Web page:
Traxdata has seen the writing on the wall and realised there's little profit to be made from flogging gigabytes alone. It's therefore exploring new avenues, most notably ways to get all the content originally stored on your PC and now duly backed up to an external drive so you can easily access it.

Since the bulk of the 500GB of data you can store on the Traxdata MultiMediaDrive is likely to be music, photos and videos, the logic is you'll want a way to enjoy them again now they're no longer clogging up your PC.

The principle has already been tried with network-attached storage (NAS). But for most home users, it's either too complex to muck about with setting up a network drive that still doesn't let you get at your stuff directly, or simply not what's wanted. Instead, we should be flicking through our home video clip collections and movies we've siphoned off the web on TVs, from the comfort of our sofa and with remote control in had.

To get content on to the Traxdata MultiMediaDrive, you first need to load it up from your PC. There's a rather bland interface called Playlist Manager, using which you drag-and-drop items into the photo and video folders.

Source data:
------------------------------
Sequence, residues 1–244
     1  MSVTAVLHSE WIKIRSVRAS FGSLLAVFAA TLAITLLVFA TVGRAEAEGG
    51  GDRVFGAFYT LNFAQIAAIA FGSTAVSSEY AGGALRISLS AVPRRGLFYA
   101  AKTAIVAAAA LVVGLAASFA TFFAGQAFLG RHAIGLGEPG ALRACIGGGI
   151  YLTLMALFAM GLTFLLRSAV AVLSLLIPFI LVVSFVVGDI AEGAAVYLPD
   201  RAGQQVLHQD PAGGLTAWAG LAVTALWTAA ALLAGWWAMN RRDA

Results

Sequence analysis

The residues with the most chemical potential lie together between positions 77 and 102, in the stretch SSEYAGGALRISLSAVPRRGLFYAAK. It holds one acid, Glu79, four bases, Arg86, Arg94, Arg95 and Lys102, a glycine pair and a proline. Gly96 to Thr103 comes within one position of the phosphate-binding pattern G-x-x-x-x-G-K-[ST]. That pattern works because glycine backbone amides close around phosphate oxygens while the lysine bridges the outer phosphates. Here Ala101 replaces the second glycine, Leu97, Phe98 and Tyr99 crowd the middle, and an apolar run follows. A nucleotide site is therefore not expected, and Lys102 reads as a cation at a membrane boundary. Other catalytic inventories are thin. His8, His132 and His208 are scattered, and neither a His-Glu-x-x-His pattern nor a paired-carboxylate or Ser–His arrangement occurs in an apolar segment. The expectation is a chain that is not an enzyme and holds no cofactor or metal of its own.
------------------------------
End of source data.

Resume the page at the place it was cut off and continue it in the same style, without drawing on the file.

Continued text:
You can set preferences for playback here - one way you can avoid having to view the so-so photos in your collection along with those you deem worthy of public display. After this, you must unplug the Traxdata MultiMediaDrive and attach it to the screen on which you want to view your content.

The onscreen menu here is more attractive than the PC one and simply lets you dive into the folder you need and initiate playback or allows you to scroll through thumbnail previews of images to select those you want. Playback can only be controlled via the Traxdata MultiMediaDrive's slimline remote control which has an odd array of keys.

The remote control can be stashed on the underside of the Traxdata MultiMediaDrive, becuase its stand is recessed for this purpose. The drive is a hulking, rather industrial metal, but at least has the advantage that it operates quietly and stays cool. The MultiMediaDrive comes with an HDMI port and, in theory at least, can display video at resolutions of up to 1080. We played a DivX-encoded HD copy of Battlestar Galactica on our HD-ready TV and found it played pretty flawlessly. However, the range of formats supported isn't the widest we've seen, excluding even Mpeg4 and H.264 support.


What to make of the Traxdata MultiMediaDrive? We’d love an easier way of getting our favourite footage on to a big screen for playback, but we don’t expect to pay this much for the privilege, especially as there are more attractive options than this with better interfaces.